Even Terry Saban couldn’t believe Nick Saban went for that fourth down. “That’s the dumbest call I’ve seen you make since you’ve been a head coach,” Nick Saban recalled his wife telling him after the 2001 SEC Championship game.
Saban told the story of this particular decision in January 2012 as his Alabama team prepared to face LSU for the national title in New Orleans. That it remained Saban’s dumbest call as a head coach 10 years and one month later is a testament to just how foolish Saban thought it was to go for it on fourth down and an inch — “I mean, an inch,” Saban said during that 2012 interview, holding his thumb and index finger an inch apart to illustrate how little his LSU offense needed — from his own 23-yard line down a touchdown with 4:54 remaining in the second quarter. Tennessee led Saban’s Tigers 14-7, and failure on that play could give the Volunteers a chance to run away with a game practically everyone already assumed they’d win.
“I can’t imagine Nick Saban going for it,” CBS play-by-play announcer Verne Lundquist said just before Saban’s team went for it. LSU quarterback Rohan Davey, already nursing a rib injury suffered during the first quarter, settled in under center Ben Wilkerson. The Tigers lined up with two tight ends, three receivers and no backs. The idea? Star tailback LaBrandon Toefield — who might have gotten the ball otherwise — was hurt, but even in a weakened state, the 6-foot-3, 240-pound Davey should have theoretically been able to lean forward to gain that inch. But Davey bobbled the snap. By the time he picked it up, Tennessee defensive end Demetrin Veal had his left arm wrapped around Davey’s chest and his right arm wrapped around Davey’s head. Veal ripped Davey backward, dumping him for a 1-yard loss. On the sideline, Saban briefly protested that officials should have called a face mask. But his heart wasn’t in it. There was no face-mask foul. Saban had just gone for it on fourth down from his own 23 and come up short. “For the next five minutes of the game,” Saban said, “I was like in la-la land, like, ‘Why did you do that? That’s the dumbest thing you’ve ever done.’”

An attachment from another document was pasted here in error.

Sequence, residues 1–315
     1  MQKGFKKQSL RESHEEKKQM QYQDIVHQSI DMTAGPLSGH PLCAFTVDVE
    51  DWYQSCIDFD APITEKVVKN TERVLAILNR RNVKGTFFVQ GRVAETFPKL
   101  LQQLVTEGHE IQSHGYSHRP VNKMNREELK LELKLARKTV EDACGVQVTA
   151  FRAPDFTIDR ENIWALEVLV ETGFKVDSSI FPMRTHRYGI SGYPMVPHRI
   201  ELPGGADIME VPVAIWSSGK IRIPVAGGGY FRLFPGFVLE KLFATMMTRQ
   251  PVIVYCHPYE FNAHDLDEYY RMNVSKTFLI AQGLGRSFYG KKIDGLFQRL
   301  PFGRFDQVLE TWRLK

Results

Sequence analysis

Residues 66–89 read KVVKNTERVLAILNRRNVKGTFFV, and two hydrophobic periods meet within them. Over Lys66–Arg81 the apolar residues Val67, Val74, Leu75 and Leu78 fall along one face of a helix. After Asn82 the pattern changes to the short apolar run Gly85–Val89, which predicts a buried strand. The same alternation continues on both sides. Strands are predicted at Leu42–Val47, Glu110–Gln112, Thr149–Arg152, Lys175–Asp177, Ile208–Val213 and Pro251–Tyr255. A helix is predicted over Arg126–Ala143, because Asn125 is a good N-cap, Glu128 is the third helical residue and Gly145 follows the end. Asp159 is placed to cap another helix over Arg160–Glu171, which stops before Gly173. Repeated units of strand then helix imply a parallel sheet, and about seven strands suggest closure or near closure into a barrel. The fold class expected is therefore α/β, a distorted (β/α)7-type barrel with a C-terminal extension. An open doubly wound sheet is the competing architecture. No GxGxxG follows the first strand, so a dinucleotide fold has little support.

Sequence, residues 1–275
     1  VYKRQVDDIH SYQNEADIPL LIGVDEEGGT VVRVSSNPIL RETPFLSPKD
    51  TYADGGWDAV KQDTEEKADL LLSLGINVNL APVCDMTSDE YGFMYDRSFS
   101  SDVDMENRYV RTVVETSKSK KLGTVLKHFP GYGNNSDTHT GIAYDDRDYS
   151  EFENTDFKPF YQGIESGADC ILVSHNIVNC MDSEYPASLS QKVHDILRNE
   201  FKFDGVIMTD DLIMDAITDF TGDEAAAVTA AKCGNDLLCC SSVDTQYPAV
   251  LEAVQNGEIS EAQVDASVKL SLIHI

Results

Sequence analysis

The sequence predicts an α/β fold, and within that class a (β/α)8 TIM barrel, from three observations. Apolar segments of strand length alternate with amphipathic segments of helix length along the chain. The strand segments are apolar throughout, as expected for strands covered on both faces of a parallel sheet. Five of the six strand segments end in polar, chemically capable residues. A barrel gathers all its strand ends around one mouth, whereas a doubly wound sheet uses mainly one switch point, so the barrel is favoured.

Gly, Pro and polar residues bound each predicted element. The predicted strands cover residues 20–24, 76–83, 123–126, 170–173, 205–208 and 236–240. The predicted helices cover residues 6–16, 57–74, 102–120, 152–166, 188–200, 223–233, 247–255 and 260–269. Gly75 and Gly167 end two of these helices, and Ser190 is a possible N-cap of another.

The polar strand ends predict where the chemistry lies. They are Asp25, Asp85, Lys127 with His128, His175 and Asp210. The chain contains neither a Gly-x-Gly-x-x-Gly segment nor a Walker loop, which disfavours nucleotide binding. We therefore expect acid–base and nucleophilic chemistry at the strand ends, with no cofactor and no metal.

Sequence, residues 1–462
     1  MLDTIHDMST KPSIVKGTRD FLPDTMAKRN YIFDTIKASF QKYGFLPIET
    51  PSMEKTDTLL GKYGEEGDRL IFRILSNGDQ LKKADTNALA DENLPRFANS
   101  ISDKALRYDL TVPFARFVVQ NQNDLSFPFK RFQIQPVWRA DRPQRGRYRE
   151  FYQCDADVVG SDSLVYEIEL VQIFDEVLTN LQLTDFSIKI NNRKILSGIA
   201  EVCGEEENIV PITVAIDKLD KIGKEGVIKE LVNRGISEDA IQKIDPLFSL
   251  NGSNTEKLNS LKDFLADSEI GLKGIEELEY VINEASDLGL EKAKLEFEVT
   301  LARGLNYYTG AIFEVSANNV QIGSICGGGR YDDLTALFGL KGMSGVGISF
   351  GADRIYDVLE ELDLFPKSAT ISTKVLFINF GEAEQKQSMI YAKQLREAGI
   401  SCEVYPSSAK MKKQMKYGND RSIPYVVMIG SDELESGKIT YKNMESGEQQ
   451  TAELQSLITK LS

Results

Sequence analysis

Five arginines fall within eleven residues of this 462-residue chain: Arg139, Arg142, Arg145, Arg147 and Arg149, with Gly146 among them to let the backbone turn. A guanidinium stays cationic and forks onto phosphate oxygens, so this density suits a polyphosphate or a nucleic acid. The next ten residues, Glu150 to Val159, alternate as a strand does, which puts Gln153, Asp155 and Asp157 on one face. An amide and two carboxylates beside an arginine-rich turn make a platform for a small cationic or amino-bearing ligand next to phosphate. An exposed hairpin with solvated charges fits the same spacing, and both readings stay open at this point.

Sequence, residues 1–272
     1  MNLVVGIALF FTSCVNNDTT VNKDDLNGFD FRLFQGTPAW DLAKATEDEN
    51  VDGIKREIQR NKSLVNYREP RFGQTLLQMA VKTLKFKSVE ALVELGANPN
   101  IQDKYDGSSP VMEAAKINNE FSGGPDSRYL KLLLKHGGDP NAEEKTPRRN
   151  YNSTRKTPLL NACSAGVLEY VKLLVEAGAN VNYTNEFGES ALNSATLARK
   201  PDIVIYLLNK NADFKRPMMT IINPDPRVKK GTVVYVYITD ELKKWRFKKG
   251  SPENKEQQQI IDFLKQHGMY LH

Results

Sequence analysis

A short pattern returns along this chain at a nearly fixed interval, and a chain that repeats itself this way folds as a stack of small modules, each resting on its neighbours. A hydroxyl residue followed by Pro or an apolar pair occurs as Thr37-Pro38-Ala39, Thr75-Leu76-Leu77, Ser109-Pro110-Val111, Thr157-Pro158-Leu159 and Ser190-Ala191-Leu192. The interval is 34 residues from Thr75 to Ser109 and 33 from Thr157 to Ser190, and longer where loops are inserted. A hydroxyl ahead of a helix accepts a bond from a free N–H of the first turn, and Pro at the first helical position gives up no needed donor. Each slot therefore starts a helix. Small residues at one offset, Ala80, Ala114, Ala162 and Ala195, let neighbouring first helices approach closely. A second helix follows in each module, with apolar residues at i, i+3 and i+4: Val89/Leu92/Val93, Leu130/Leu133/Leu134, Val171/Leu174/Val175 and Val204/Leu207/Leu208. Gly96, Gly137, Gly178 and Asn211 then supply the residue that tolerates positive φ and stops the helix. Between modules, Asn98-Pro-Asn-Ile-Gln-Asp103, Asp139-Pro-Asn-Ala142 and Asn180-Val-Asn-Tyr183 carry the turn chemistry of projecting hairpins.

So why is the dumbest call of Saban’s career also one of the most important?